Powerful tool promises to change the way scientists view proteins

Life scientists now have access to a publicly available web resource that streamlines and simplifies the process of gleaning insight from 3D protein structures. Aquaria, as it's known, is fast, easy-to-use and contains twice as many models as all other similar resources combined.
Powerful tool promises to change the way scientists view proteins

Screenshot from Aquaria

Media Release: 30 January 2015

Life scientists now have access to a publicly available web resource that streamlines and simplifies the process of gleaning insight from 3D protein structures. Known as Aquaria, the powerful tool is announced today in Nature Methods.

The Aquaria project was led by Dr Seán O’Donoghue, from The Garvan Institute of Medical Research and CSIRO, in collaboration with Dr Andrea Schafferhans from the Technical University of Munich. The project started in 2009 and involved an international team of around a dozen programmers and bioinformatics experts.

Aquaria is built upon the Protein Data Bank, which contains just over 100,000 protein structures.

“The Protein Data Bank is a fantastic resource containing a wealth of detail about the molecular processes of life, but we were aware that few biologists take full advantage of it,” said O’Donoghue.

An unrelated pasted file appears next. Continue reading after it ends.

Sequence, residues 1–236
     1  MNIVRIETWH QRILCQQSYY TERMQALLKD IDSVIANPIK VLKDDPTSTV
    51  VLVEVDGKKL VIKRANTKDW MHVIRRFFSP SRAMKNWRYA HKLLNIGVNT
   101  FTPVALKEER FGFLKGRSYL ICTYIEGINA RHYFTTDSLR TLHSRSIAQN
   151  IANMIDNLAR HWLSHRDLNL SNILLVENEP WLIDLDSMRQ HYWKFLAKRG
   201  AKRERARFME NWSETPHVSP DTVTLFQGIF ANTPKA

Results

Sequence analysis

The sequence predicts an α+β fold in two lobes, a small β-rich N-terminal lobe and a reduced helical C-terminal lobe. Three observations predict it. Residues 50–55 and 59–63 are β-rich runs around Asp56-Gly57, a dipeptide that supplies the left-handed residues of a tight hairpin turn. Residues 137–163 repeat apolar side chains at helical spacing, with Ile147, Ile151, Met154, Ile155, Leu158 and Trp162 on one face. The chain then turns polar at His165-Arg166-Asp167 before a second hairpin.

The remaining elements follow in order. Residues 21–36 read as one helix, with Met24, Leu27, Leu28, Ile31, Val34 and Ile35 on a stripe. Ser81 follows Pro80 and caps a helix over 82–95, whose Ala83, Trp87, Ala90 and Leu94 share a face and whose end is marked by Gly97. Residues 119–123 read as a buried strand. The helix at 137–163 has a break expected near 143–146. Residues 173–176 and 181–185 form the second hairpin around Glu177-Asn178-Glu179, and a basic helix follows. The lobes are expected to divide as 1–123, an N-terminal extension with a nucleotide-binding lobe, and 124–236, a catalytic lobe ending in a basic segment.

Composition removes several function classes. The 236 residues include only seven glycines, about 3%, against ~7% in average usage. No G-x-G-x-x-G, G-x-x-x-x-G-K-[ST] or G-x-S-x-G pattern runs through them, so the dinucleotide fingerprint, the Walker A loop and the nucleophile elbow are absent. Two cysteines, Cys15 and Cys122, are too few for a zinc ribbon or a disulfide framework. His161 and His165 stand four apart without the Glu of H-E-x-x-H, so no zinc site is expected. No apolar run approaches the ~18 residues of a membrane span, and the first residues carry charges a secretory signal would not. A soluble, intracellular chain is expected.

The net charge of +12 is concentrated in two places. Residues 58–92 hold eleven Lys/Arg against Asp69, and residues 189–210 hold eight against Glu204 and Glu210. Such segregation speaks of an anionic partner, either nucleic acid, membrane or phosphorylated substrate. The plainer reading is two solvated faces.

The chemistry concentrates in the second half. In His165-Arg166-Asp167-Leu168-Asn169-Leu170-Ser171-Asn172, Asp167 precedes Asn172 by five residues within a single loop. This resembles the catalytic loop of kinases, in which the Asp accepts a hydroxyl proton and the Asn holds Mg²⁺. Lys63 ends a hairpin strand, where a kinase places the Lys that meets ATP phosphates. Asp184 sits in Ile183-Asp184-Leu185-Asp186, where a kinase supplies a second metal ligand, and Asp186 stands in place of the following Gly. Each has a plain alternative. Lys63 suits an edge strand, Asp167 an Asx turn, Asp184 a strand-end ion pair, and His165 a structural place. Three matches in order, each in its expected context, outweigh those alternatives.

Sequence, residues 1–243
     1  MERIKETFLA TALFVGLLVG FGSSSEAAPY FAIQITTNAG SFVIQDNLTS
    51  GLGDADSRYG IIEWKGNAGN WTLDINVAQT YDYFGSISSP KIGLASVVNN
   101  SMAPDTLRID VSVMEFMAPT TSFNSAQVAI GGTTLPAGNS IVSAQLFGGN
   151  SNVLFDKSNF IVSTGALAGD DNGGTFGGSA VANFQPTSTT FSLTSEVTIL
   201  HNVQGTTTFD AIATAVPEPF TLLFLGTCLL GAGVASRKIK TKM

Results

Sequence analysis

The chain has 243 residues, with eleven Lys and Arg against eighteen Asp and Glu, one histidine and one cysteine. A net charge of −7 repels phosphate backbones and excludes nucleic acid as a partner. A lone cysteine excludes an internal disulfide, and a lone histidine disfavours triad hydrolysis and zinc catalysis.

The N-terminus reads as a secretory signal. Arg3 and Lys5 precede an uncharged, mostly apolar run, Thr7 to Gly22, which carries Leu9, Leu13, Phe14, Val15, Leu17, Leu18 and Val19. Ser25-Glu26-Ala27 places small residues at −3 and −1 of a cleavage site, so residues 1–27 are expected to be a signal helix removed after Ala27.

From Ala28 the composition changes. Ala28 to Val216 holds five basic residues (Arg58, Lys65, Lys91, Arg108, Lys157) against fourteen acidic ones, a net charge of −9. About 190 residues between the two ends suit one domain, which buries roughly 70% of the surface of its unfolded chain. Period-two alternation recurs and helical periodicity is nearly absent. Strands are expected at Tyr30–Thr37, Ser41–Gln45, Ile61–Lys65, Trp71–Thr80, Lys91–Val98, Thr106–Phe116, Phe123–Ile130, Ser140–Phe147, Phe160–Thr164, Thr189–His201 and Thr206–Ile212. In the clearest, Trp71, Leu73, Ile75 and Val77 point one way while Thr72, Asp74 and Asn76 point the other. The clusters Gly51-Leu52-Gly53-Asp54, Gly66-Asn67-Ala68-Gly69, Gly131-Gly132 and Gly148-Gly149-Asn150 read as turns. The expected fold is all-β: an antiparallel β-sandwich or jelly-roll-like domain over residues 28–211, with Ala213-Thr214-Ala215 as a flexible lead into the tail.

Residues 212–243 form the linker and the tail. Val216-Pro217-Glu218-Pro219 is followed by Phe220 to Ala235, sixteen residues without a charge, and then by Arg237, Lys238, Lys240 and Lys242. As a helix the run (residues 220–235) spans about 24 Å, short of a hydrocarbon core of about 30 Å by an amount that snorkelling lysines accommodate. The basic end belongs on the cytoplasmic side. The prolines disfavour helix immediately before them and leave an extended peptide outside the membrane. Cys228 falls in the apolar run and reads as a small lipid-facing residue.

“So we created Aquaria to make this valuable information more accessible and easier to use for discovery purposes.

“What we’ve done is to layer in a lot of extra useful information. For example, we’ve added protein sequences that do not yet have a structure – but are similar to something in the Protein Data Bank. That meant we first had to find all these similarities.

“So we took over 500,000 protein sequences and compared every one of them with the 100,000 known protein structures – and that has given us around 46 million computer models.

“Aquaria is fast, it comes with an easy-to-use interface and contains twice as many models as all other similar resources combined. It also allows users to view additional information – such as genetic differences between individuals  – mapped onto 3D structures.

“For example, you can add Single Nucleotide Polymorphisms, or ‘SNPs’, that cause protein changes, then visualise exactly where those changes occur in the protein structure. This provides valuable insight into why proteins sometimes completely change their function as a result of one small change in the DNA code.

“You can then ask interesting questions like ‘Does this set of SNPs cluster in 3D?’ and the answers to such questions can set new research directions.”

Aquaria will be useful to a broad range of life scientists, from medical researchers - at institutes like Garvan - to scientists studying agriculture, biosecurity, ecology and nutrition at institutes like CSIRO.   

Aquaria’s flexibility and extensibility allows information to be combined in completely new ways – quickly and easily. All a scientist needs to do is enter the name of their favourite protein, and then navigate a brave new world of possibility.

To learn more about Aquaria, you can take part in a special webinar scheduled for 9am Tuesday, 3 February (http://aquaria.ws/launch) 

This 6-minute video explains how biologists can use Aquaria:

 


ACKNOWLEDGEMENT
The Aquaria team would like to acknowledge the generous support of Amazon AWS in hosting Aquaria and making its database publicly accessible.

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